Patience pays.

          Comment


          • #6
            Originally posted by Patty Stiller View Post
            My guess is stifle OCD and resultant pain.
            This is also what I was thinking.

            Also thought she is a bit heavy for my liking.

            Edited to say that I didn't watch the whole video only bits and pieces.
            Last edited by Beethoven; Jan. 6, 2012, 09:35 AM.
            I love cats, I love every single cat....
            So anyway I am a cat lover
            And I love to run.

            Comment


            • #7
              It looks more pain mediated than neurological to me in the beginning ,but if you stick with it, no doubt it's neurological. There appears to be a definite lameness, too.
              After going back and watching more of the free pasture video I see some weakness/weirdness in the front limbs as well, especially right front. It doesn't help that the right front is offset and varus through the knee, that both front fetlocks are varus or that she's generously fed and toes in on both fronts. She's a crooked little thing all the way around.

              When the in hand portion of the video starts there's a much more neurologic look to it all. She toe stubbing up front, swinging the hinds, but it still looks painful at times, too. Makes me wonder about the neck, but I'm thinking more neck injury than a true wobbler. Her front end is actually a complete mess. The more I watch of the in hand portion, the more neurologically FUBAR she appears to be. Her stride is uneven, choppy, there's a lack of tone from the knee down especially. I'd love to see him back her.
              Okay, we finally had a little backing at the very end, but you couldn't see what she did with her head and neck. At least she was able to back in a fairly normal fashion. Have they tried confining her for a time? Can they x-ray the neck? The LAST thing I'm thinking is OCD in the stifles or anywhere else. There is a disconnect somewhere along the spinal cord for sure.
              "Absent a correct diagnosis, medicine is poison, surgery is trauma and alternative therapy is witchcraft" A. Kent Allen
              http://www.etsy.com/shop/tailsofglory

              Comment


              • #8
                I would also suspect a neck/ spinal injury....
                Making Your Ambitions a Reality at Secret Ambition Stables.
                Quality Welsh Ponies and Welsh Crosses bred for sport
                Facebook Page.
                Section A and Section B Welsh Ponies at stud

                Comment


                • #9
                  Very interesting how her right side tends to move in one motion more so than the left. Something is not right that is for sure, and I agree as the video goes on it looks more neurological versus one problem area. The way she throws out her front legs (esp the right) and swings her hinds as well. I have very little experience with wobblers or spinal injury. I do know a foal that was put down around that age due to wobblers or a spinal injury I am not sure if they ever decided. He didn't like to lift his head very high either, and was pretty unsteady on his feet, it was actually kinda scary to watch, but he moved his legs in the same way, but was much worse.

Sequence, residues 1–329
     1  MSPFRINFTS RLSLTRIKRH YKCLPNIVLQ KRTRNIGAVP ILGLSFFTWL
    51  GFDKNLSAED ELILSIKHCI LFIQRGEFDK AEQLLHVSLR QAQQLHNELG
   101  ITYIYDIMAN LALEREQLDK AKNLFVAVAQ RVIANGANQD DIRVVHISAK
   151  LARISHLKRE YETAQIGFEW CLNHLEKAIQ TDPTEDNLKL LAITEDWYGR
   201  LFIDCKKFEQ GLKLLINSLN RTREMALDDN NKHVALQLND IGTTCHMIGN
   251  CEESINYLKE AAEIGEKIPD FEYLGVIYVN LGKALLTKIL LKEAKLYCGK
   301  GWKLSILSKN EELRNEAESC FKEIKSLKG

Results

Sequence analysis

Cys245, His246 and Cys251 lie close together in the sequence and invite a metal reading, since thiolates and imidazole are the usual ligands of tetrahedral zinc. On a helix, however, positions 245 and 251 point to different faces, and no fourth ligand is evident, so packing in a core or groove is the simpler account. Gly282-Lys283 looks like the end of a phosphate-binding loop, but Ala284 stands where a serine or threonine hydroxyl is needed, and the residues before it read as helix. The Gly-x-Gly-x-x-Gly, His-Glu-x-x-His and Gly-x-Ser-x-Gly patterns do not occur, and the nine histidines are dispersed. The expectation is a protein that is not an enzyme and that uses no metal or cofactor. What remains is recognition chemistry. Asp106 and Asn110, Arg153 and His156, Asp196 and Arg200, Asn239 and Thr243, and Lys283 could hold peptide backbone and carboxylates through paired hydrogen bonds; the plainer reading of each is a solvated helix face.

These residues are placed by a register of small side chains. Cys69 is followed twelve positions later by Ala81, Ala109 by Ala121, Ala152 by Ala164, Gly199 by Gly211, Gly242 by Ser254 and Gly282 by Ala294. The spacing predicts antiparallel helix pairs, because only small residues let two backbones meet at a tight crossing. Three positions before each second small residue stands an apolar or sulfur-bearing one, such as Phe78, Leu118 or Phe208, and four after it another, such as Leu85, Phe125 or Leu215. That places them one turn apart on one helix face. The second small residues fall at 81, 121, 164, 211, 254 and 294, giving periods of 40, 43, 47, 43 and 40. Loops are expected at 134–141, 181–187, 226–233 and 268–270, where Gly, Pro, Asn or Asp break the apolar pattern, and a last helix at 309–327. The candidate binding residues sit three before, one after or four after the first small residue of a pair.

http://community.webshots.com/user/jenn52318

                  Comment

                  • Original Poster

                    #10
                    CP she is a quarterhorse. I was also thinking stifles/stifle pain or that she's being fed to well and growing too fast.

                    Thank you for all your replies... I gave the link of this thread to the owner so maybe he will chime in.
                    Boyle Heights Kid 1998 16.1h OTTB Dark Bay Gelding
                    Tinner's Way x Sculpture by Hail to Reason
                    "Once you go off track, you never go back!"

                    Comment


                    • #11
                      If this filly were mine, I would start with the right hock and hip and a good trim.
                      The hock joint looks bigger on the right and the muscle looks smaller. This is the only hoof that is worn heavily on the lateral side as compared to the rest.

                      She needs a trim also. JMO
                      Charlie Piccione
                      Natural Performance Hoof Care

                      Comment


                      • #12
                        There is so much more going on here than a trim can address. The waY she slaps and stubs her feet into the ground they'll all wear unevenly. I promise you that rapid growth is the least of her concerns.
                        "Absent a correct diagnosis, medicine is poison, surgery is trauma and alternative therapy is witchcraft" A. Kent Allen
                        http://www.etsy.com/shop/tailsofglory

                        Comment


                        • #13
                          agree with everyone who has said stifle/hip. looks like there is some stiffness/pain/tightness in that area. ive dealt personally with neuro disorders in the hind end and this doesnt look like that to me. Id do radiographs and ultrasounds of the hips and stifles and go from there. if her diet is too rich, there could be a multitude of problems. it almost looks like whatever legament/tendon from hock up to stifle is really tight and she cannot stretch it out.